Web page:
The problem with all of this is “why does everyone have to be excepting”? Boys dont try to join the Girl Scouts and Catholics dont try to join Atheist groups. I have nothing against atheist or homosexuals but if the Scouts take a stand on membership why can’t it be accepted? Why would you want to be a part of an organization that doesn’t want you? Does everything have to be fair? The answer is no. In case you haven’t noticed, life isn’t fair. Get used to it. Stop whinning and go join another organization or better yet start your own.

  • Robert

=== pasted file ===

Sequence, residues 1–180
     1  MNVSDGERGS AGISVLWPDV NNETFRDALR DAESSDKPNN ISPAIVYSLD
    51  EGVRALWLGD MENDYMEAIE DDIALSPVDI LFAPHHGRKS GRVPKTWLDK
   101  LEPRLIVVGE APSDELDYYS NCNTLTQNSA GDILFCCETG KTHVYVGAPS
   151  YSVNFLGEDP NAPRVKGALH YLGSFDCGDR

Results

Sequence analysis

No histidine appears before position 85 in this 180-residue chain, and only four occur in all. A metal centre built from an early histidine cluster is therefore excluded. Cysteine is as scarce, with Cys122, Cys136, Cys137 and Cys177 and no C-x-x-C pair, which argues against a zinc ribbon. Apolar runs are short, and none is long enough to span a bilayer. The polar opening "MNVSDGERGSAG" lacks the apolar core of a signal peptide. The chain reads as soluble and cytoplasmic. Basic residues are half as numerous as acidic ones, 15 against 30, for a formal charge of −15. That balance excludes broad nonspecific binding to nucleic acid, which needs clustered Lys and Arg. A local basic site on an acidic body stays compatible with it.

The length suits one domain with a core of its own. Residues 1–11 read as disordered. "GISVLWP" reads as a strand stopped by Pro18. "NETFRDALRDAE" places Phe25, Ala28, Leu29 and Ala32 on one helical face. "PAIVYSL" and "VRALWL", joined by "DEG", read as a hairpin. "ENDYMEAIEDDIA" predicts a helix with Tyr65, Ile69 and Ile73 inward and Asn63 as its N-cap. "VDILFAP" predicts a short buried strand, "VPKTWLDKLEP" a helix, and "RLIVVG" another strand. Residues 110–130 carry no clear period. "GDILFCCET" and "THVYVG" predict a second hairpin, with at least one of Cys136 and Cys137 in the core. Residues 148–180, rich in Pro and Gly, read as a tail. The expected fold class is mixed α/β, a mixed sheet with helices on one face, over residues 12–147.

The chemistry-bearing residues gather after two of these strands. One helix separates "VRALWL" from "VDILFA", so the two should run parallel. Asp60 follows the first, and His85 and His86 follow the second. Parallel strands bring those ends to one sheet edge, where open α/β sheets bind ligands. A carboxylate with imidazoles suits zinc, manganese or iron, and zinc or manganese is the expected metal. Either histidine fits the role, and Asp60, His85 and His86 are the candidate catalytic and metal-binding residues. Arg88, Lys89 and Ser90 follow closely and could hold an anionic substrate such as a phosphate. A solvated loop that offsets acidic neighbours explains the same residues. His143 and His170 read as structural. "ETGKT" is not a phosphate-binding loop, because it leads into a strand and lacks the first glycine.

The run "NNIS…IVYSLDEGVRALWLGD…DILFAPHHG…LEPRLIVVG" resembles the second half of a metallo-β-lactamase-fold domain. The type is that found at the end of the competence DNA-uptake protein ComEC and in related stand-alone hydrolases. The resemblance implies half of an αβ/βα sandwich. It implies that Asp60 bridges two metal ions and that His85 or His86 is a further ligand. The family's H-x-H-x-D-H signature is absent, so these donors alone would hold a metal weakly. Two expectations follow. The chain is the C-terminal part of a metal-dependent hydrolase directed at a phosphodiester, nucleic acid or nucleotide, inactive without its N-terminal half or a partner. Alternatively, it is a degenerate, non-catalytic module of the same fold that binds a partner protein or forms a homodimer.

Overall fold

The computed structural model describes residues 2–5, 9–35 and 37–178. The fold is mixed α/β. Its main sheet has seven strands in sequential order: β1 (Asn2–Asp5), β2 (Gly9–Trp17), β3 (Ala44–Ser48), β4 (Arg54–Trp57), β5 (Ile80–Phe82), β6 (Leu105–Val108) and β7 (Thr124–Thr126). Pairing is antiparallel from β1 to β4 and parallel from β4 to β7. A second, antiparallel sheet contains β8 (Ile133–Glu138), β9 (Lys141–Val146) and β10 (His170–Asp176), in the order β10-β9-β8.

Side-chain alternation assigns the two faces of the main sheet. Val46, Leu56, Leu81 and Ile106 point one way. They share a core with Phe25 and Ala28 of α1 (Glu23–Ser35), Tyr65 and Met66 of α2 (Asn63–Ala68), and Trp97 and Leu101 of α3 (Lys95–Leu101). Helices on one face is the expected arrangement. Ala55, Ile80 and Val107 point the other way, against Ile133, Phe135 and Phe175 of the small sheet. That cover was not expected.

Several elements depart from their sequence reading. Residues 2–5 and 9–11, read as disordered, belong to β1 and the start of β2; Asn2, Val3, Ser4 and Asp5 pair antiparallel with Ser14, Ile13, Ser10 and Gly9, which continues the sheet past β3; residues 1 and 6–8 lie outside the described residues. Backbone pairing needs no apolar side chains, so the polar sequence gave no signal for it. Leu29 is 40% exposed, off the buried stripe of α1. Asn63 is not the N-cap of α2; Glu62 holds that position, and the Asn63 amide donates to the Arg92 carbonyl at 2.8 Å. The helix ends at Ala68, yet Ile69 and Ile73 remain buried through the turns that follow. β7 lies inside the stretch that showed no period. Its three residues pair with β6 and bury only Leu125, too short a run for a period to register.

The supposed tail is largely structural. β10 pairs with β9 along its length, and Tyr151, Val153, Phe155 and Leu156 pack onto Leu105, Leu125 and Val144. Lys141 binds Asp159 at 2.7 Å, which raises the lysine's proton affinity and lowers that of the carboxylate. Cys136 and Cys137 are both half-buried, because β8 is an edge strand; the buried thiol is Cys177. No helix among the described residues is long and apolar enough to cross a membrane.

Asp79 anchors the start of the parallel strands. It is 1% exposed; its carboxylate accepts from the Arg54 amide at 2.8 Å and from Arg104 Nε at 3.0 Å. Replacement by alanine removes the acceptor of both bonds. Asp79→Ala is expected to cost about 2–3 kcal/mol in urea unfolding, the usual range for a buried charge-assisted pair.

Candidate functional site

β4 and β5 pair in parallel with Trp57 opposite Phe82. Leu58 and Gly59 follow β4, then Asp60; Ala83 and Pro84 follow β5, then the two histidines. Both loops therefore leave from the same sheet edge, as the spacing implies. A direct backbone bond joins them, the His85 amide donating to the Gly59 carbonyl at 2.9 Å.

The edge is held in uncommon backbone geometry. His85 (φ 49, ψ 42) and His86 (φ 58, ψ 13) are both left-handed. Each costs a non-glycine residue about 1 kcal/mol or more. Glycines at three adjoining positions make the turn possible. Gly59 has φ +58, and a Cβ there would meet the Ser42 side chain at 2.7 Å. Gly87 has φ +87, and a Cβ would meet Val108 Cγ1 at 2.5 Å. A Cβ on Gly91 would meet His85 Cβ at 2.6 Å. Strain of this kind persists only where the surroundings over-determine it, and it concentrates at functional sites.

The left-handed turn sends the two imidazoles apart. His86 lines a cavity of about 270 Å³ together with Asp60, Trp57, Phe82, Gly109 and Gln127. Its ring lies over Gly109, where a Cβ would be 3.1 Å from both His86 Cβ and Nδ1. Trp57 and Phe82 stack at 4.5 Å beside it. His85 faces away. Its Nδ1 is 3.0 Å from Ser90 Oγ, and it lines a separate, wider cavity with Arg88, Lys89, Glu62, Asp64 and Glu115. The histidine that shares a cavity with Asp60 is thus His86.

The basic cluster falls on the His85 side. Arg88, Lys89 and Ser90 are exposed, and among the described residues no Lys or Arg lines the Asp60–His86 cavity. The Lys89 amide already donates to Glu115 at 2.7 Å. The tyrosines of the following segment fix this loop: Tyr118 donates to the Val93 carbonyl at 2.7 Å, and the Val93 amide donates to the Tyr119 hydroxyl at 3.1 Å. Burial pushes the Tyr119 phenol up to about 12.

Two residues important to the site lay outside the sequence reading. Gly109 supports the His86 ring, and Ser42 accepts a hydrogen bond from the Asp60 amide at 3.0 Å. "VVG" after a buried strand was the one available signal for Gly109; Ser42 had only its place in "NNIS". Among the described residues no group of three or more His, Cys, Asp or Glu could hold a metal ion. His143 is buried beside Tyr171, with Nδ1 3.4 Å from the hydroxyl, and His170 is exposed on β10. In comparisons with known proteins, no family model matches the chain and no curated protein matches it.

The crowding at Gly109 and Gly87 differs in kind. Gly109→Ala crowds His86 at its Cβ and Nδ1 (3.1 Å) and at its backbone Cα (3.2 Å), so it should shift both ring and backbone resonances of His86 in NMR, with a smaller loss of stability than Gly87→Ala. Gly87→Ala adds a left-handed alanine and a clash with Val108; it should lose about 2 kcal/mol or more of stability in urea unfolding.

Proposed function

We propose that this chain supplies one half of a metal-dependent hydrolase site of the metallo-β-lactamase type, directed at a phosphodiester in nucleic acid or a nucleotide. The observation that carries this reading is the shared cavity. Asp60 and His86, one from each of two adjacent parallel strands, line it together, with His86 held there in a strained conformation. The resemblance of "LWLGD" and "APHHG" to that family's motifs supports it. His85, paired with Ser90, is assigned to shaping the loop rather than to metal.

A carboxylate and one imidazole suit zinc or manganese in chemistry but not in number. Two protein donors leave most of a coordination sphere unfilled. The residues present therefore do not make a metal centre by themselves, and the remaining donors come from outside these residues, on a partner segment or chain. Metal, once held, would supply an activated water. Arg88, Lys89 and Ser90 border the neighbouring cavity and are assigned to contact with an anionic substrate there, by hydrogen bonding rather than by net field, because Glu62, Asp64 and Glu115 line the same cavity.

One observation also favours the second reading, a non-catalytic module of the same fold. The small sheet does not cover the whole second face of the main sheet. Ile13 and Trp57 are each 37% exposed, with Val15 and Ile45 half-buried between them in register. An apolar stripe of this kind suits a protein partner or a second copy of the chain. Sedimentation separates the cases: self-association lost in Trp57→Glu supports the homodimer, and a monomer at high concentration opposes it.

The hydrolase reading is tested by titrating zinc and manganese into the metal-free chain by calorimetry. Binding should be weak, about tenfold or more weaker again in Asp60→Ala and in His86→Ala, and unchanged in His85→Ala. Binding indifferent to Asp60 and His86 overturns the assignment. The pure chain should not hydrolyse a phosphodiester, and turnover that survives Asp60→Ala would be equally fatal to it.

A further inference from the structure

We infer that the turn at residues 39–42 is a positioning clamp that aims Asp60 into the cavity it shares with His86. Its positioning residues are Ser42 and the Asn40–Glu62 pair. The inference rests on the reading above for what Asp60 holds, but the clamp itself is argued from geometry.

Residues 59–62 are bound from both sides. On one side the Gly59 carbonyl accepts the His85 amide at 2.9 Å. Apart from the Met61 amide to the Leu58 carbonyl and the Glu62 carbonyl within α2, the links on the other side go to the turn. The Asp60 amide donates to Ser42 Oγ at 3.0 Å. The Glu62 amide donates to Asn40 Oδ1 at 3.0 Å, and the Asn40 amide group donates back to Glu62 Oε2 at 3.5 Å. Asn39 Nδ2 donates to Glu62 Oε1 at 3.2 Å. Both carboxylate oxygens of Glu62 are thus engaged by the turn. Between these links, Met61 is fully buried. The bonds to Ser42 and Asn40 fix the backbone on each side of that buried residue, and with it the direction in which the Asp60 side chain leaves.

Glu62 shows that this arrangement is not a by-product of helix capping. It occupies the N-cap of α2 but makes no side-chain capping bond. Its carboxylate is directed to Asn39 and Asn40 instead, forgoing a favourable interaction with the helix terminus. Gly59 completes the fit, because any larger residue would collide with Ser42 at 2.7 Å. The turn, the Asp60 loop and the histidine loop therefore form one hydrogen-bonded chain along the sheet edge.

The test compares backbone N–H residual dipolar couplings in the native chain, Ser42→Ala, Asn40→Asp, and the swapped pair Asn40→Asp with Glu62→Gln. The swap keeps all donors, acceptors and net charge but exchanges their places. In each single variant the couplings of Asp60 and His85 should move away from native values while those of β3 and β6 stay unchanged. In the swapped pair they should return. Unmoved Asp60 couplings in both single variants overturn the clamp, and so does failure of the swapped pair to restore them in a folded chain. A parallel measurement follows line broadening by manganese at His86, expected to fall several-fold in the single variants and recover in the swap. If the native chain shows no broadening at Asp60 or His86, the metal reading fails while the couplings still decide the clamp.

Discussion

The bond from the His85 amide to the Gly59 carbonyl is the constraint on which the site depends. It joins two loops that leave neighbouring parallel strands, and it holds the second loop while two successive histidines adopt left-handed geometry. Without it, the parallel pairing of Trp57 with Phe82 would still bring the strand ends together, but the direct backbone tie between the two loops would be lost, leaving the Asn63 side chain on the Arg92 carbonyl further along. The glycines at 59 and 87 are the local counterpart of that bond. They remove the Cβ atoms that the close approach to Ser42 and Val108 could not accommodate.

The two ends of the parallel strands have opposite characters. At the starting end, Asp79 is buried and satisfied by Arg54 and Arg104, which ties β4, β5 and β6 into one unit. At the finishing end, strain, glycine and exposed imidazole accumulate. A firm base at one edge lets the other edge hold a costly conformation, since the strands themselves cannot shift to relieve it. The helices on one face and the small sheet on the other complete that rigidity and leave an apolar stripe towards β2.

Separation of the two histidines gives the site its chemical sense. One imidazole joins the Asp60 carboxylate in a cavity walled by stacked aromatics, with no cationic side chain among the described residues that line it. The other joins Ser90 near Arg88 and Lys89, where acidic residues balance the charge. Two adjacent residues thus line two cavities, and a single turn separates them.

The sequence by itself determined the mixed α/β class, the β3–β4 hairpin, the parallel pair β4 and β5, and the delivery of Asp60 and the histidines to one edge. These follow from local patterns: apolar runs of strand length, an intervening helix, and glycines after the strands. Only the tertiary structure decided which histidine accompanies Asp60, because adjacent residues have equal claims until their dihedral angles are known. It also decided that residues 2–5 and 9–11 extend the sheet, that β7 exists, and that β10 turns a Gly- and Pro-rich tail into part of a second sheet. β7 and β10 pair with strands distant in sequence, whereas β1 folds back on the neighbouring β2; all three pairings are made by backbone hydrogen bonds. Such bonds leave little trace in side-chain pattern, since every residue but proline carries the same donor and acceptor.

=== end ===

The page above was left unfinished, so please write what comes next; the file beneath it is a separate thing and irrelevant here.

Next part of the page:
I am 48 years old. I don’t remember any emphasis on god when I was a Cub Scout. Yes, I understand that the organization was teaching “godliness” but never was it shoved down our throats like it is today. I have been a den leader a couple of times over the last few years, and every year it’s getting more and more religious. I do my best to cater to the kids’ beliefs and incorporate them in some small way. Really what I discuss is morality and ethics, but I give them a chance to express how their “god” figures into all of that. The “god and Family” package is terrible. It likens ‘god’ to the toppings on a pizza. To which I say, at least pizza is real. Anyway, what’s wrong with learning survival skills and leaving beliefs out of it ! I never admit that I am agnostic, or that my two boys in scouts are agnostic also. We have caved in because there aren’t any other options where we live. I am ashamed, but I am glad my kids are interacting with others and learning skills. My kids spent two nights at a Camp-o-Ree and on Sunday they forced them to attend a sermon. Our troop leader fancies himself a minister. The things my kids recanted from the sermon were so ignorant and pathetic. I kind of wish I had attended, for the fun of ignorance.